Canadian Magazine Industry News
9 June 2011,     OTTAWA
Postal negotiations stalled, estimated 15,000 layoffs in mailing industry
As CUPW union members in Kitchener and Quebec City take their turn on the 24-hour rotating picket lines Friday, Canada Post says negotiations have stalled. Meanwhile, the National Association of Major Mail Users (NAMMU) says there have been more than 15,000 layoffs in the mailing industry as clients cancel direct-mail programs because of the labour disruption.

"Canada Post and CUPW remain far apart on several fundamental issues," says the post office. "The union today rejected major compromises proposed by Canada Post to address sick leave and staffing levels. CUPW also refuses to discuss any initiatives that will reduce costs and address the problems of declining mail volumes, increasing competition and electronic substitutions of traditional mail."

At the MagNet conference in Toronto this week, many publishers told Masthead the strike has speeded up their digital edition programs. Publishers are offering concerned subscribers the option of receiving digital editions, and have already put in place plans to greatly expand digital edition programs if the rotating strikes develop into a full-blown national strike or shutdown.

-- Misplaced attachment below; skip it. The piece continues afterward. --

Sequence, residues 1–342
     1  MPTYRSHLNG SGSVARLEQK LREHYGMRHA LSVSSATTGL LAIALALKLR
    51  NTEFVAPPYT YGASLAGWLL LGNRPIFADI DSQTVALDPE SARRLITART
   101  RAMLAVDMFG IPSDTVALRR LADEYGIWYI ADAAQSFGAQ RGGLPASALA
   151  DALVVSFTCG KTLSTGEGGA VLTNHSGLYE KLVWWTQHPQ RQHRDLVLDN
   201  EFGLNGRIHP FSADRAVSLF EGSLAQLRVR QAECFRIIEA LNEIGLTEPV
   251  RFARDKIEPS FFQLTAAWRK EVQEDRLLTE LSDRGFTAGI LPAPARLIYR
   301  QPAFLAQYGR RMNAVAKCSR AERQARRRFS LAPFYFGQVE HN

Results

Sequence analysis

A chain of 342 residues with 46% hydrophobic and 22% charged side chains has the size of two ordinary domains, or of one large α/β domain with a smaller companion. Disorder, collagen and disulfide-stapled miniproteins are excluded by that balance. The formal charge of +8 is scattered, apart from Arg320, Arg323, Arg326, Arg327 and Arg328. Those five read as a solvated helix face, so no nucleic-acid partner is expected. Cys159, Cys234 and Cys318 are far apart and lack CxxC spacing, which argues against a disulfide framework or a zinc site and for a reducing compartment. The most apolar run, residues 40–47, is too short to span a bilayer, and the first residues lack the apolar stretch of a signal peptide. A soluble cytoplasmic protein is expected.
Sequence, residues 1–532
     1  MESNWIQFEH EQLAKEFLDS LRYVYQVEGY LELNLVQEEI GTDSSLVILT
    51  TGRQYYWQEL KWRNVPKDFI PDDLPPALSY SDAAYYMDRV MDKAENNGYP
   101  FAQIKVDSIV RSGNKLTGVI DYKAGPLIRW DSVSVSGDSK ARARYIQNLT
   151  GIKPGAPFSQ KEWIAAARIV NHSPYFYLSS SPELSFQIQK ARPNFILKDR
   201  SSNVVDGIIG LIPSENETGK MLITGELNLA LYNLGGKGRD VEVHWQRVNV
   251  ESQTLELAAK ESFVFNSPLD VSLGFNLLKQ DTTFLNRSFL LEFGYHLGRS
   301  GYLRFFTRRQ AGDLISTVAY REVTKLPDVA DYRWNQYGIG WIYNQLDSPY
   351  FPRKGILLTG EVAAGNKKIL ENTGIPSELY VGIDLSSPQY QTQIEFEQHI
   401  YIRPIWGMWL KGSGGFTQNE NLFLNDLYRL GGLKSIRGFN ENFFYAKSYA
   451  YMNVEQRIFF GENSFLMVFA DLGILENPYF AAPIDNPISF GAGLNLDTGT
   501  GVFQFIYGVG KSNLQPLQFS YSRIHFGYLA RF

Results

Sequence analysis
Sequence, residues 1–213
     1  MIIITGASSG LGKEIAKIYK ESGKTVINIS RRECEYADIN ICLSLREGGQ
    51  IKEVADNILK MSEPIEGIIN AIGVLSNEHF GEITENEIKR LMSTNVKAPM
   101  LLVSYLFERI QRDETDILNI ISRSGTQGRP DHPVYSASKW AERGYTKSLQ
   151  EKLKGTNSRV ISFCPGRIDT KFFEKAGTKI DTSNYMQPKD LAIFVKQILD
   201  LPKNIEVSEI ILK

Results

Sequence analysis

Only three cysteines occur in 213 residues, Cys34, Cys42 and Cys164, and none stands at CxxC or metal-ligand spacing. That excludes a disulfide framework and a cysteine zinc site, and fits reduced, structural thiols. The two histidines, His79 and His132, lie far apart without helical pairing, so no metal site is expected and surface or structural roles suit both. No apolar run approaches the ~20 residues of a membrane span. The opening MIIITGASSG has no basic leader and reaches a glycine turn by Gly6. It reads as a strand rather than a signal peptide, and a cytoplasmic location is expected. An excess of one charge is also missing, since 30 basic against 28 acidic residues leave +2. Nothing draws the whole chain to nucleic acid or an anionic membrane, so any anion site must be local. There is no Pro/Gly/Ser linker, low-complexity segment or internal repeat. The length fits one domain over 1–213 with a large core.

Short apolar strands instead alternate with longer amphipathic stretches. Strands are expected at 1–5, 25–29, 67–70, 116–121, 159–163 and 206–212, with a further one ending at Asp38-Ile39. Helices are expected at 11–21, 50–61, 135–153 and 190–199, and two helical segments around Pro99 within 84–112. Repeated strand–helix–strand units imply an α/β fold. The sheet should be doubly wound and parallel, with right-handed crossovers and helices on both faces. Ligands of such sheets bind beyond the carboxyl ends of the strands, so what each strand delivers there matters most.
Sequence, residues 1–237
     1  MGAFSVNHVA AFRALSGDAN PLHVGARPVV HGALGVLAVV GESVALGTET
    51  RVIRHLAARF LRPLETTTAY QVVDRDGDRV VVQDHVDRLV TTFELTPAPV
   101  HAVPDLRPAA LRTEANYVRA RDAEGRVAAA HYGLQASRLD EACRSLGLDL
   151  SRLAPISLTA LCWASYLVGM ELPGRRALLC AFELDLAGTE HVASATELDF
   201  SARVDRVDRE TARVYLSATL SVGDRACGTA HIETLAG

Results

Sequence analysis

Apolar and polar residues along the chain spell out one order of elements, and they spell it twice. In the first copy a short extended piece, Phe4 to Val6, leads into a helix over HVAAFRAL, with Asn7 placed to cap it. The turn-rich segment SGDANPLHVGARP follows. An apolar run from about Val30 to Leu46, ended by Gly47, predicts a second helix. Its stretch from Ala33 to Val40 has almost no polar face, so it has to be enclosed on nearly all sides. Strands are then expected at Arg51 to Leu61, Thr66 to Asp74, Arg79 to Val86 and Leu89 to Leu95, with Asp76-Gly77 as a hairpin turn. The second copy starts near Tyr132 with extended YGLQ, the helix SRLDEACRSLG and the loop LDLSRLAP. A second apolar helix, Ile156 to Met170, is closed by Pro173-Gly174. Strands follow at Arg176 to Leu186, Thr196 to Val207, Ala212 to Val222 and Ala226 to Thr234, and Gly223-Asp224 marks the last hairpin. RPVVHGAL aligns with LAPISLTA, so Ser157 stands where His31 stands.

Some publishers are also switching to PayPal for electronic invoicing and bill payments as a result of the strikes.

In an open letter to employees, Canada Post COO Jacques Côté wrote: "At this point, we feel that the company has taken every reasonable step it can to try to reach a responsible settlement, one that would allow Canada Post to pay higher wages while closing the pension gap and ensuring that we can reinvest in our business. If the union does not change their entrenched position, I am afraid we are in for a long dispute."

On Friday, the rotating strikes will move to Quebec and Kitchener. But both those locations have already been put on reduced service as rapidly declining mail volumes force Canada Post to shrink operations. "In both these locations, Canada Post has downsized, closing a mail processing plant and trucking mail from Kitchener to Toronto to be sorted," CUPW stated in a release.

The union says that while Canada Post has moved on some issues, the crown corporation "continues to dismiss important health and safety issues, as well as rejecting proposals for innovation and service expansion."

For its part, NAMMU said the economic impact of the labour disruption has reached a "tipping point with the mail industry." The low volumes experienced reflect the impact of large and small mailers walking away from the mail channel to alternatives that may prove to be cost effective. Much of this business will not be back, said the association.

NAMMU has urged Labour Minister Lisa Raitt to bring the parties back to the table before many of the issues under negotiation are moot. "We need to get back to work," said NAMMU president Kathleen Rowe.

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